Last year at this time, Subaru was growing so quickly that its October sales release had headlines stacked five high. The automaker had its best October ever, as did the Subaru Outback, Subaru Forester and Subaru Legacy, and it had set an all-time annual sales record, too, even with two full months left on the calendar. Heck, Subaru was growing faster than either Hyundai or Kia—on a YTD basis—at this point in 2010. It’s been a far different story in 2011, however. Deliveries last month took another hit, falling by 11.62 percent, and that ended up dragging Subaru’s year-to-date performance into the red—albeit to the tune of just -.32 percent.
Of course, the big surprise here isn’t that Subaru sales have flat-lined for 2011—it’s that they didn’t drop any further. Like most of the Japanese automakers, Subaru lost significant volume as a result of this spring’s earthquake and tsunami, and is just now seeing production return to normal. Does that means Subaru’s sales success will soon return to “normal,” too?
Let’s find out.
First, it’s important to note there were some positives to last month’s numbers. The Legacy and Outback did see minor advances in October, so they again set monthly volume records. And even the Subaru Tribeca appears to have been lifted by the U.S. market’s interest in crossovers, scoring a 51.1 percent jump in deliveries last year. And it will certainly surpass its 2010 full-year mark in November. We’re only talking about 2,236 units—that’s YTD, not for October alone—but the Tribeca’s performance so far this year has to be considered a good sign, and the same goes for the Legacy.
The Legacy is vital to Subaru’s future. If the automaker wants to be more than a niche player in this country, it has to play in more than just the niches where products like the Forester and Outback compete. And on the car side, this means the mid-size sedan segment. Unfortunately, thanks to the resurgence of the Chrysler Group’s entries—the Chrysler 200 and Dodge Avenger combined for more than 17,000 deliveries in October—along with the growing success of the Kia Optima, ye olde bar is set fairly high. The Legacy’s 3,546 sales last month were less than half of the Avenger’s. It’s good that the Subaru sedan has been able to remain atop the second-tier group, outselling cars like the Mazda6 even when the latter was finishing its best October since 2008, but it’s going to be exceedingly difficult for the Legacy to do much more than hold its own in the segment, given how many strong sellers are ahead of it on the sales chart.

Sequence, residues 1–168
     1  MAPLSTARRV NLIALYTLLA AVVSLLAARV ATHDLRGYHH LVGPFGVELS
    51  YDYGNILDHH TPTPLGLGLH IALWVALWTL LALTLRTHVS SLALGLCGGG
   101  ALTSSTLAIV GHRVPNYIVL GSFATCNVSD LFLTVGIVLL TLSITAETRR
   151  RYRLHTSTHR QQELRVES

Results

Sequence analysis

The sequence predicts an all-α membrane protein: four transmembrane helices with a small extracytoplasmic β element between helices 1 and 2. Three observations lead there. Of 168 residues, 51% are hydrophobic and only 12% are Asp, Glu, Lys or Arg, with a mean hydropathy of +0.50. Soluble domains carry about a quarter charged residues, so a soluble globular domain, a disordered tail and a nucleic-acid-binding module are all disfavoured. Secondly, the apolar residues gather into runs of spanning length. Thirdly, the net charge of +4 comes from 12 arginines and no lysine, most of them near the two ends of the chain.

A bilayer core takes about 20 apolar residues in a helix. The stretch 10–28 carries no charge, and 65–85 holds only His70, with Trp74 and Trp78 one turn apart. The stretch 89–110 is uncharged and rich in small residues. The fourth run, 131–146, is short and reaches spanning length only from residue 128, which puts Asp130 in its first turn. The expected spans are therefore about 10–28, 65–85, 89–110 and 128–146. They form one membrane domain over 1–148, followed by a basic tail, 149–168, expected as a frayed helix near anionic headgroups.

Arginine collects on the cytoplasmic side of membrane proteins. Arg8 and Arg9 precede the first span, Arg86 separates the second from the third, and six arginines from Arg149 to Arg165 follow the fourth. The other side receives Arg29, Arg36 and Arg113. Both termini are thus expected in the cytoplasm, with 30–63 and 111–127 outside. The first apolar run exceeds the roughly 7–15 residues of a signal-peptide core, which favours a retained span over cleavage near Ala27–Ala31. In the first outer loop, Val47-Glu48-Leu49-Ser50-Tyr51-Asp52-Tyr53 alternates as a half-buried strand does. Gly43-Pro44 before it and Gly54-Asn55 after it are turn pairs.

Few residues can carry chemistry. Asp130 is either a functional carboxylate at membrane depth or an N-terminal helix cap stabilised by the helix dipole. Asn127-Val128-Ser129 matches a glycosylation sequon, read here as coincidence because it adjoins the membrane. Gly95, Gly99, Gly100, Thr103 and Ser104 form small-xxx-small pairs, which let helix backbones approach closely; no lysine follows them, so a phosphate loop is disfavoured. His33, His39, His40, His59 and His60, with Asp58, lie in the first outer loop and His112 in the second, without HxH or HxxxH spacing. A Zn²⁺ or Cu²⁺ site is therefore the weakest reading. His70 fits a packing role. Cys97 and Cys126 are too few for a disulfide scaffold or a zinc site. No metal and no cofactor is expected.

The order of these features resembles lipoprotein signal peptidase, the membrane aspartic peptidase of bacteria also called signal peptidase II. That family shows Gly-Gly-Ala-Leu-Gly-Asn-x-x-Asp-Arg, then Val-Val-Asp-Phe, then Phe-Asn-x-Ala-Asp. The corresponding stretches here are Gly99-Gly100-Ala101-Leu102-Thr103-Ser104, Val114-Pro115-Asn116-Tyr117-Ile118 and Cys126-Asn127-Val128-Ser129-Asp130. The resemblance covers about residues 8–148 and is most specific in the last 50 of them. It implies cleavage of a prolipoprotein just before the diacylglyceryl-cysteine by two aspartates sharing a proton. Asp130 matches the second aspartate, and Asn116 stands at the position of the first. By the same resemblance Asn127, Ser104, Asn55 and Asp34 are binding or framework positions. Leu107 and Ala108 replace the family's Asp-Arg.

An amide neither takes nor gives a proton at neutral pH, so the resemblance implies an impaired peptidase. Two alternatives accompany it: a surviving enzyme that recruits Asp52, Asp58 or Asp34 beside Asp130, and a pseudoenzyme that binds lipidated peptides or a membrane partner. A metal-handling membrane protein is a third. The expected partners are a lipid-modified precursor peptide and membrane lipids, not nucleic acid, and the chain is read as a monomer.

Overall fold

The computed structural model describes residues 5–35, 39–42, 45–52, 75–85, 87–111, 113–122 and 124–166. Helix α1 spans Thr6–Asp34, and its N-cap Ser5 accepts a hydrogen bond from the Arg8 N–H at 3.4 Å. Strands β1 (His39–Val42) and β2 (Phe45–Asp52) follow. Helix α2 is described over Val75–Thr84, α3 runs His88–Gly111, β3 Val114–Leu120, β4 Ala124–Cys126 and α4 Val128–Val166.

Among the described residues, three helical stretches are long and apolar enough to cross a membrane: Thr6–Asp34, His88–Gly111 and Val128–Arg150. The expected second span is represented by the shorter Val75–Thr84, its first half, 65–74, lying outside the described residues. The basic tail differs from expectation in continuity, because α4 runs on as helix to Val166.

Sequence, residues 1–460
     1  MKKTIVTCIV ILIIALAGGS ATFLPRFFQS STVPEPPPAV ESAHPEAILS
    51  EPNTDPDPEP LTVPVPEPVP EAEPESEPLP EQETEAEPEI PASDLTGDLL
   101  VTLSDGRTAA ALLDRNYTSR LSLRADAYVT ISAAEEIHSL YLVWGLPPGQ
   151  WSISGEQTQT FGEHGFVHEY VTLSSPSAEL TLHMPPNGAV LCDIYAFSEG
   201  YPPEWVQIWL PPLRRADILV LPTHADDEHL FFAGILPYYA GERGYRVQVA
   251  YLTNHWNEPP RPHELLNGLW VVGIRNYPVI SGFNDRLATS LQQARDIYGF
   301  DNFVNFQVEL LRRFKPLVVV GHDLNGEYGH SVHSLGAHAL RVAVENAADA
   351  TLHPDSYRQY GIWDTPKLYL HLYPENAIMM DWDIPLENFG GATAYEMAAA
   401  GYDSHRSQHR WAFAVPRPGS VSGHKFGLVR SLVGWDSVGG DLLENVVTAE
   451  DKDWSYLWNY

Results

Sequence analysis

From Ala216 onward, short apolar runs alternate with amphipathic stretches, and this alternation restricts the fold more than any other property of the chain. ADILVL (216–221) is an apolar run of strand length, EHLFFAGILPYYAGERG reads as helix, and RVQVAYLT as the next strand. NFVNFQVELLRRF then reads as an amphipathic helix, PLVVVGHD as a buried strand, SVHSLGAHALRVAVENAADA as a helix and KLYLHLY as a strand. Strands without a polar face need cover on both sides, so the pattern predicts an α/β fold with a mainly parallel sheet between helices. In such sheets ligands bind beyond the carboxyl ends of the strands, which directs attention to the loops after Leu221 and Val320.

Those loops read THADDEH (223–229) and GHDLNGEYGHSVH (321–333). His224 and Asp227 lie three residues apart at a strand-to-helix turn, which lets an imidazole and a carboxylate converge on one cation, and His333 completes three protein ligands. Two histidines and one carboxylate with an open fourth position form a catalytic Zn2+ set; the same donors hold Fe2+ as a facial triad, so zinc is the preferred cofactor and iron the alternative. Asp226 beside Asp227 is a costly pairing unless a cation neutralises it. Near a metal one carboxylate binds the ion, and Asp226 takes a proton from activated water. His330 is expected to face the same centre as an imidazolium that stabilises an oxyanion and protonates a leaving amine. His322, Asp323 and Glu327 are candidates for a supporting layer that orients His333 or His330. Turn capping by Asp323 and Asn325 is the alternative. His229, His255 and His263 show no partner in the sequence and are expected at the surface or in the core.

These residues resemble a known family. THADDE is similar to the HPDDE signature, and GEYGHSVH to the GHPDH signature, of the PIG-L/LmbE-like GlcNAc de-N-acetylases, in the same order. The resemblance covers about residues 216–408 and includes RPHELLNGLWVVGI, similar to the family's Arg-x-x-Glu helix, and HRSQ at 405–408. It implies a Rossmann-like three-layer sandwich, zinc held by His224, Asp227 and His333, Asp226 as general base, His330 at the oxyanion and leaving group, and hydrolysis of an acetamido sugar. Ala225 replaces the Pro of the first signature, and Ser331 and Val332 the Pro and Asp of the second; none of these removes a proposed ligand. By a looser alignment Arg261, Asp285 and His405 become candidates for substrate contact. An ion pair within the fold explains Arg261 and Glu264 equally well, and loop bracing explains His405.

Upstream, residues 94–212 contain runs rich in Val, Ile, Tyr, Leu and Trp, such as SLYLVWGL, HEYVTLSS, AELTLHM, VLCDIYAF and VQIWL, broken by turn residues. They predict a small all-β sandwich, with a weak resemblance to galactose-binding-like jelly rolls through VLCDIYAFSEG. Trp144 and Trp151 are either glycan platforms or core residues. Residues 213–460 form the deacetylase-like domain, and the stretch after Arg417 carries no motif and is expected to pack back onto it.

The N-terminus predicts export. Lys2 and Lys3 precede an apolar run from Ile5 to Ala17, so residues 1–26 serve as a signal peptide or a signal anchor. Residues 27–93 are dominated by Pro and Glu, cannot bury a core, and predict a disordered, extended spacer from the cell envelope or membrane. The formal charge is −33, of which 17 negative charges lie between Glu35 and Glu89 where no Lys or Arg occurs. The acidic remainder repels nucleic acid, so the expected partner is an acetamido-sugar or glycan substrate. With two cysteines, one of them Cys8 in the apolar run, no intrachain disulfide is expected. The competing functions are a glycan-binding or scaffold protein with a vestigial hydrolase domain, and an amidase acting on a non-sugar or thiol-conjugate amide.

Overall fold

Needless to say, that puts a lot of pressure on the all-new 2012 Subaru Impreza, which is slated to go on sale this month.
The current Impreza has had a decent run in 2011, enduring a 9.9 percent YTD sales drop that is not at all out of line for a vehicle in the last days of its lifecycle: The car had been comfortably above 3,000 units per month prior to October, when dealers were selling down inventory of the 2011 model but not yet receiving the 2012’s. And while last month’s deliveries were about half those of its closest mainstream competitor—as was the case with the Legacy—the window of opportunity for the new Impreza seems to be open significantly wider.
For one thing, the competition itself is weaker. The Honda Civic has had a rough go of it in the press lately, and it remains to be seen if it will return to pre-earthquake volumes when/if Honda is able to recover from the flooding in Thailand. Things have been bumpy of late for the Ford Focus, too, as a result of ongoing issues with SYNC and MyFord Touch, and the Blue Oval did sell 30 fewer Foci last month than in October 2011. The Toyota Corolla and Nissan Sentra are older models, and the new Impreza will get here before they’re renewed. The Kia Forte really hasn’t seen the kind of success the brand’s other models have, and sales fell more than 18 percent in October, with a relatively low volume of 4,712 units. And remember, the Chrysler Group does not offer a compact sedan from any of its brands.
At the same time, the all-new Impreza will finally put up almost segment-competitive fuel-economy numbers of 27 mpg city/36 mpg highway—becoming the most fuel-efficient all-wheel-drive vehicle in the U.S.—while maintaining the same starting price as the 2011 model.
And because the Impreza’s sportier WRX and STI variants will become standalone products for their next iterations, Subaru won’t have to make compromises to the “regular” Impreza to keep its appeal to mainstream compact buyers. (Obviously, this should help the performance, in all senses, of the WRX and STI, too.)
Finally, the upcoming Subaru BRZ—built in collaboration with Toyota and slated to debut at the Los Angeles Auto Show—should be an instant image-changer for the company. It will put Subaru in the kind of spotlight that only shines off of a dramatically designed sports coupe, reminding folks of the automaker’s existence in the first place, and more specifically, it also will help broaden the brand’s appeal beyond all-wheel-drive enthusiasts. This is key for Subaru, because its traditional all-AWD positioning has tended to crowd out any other reasons to buy its vehicles, and limit its pool of potential buyers.
Things should go swimmingly after that.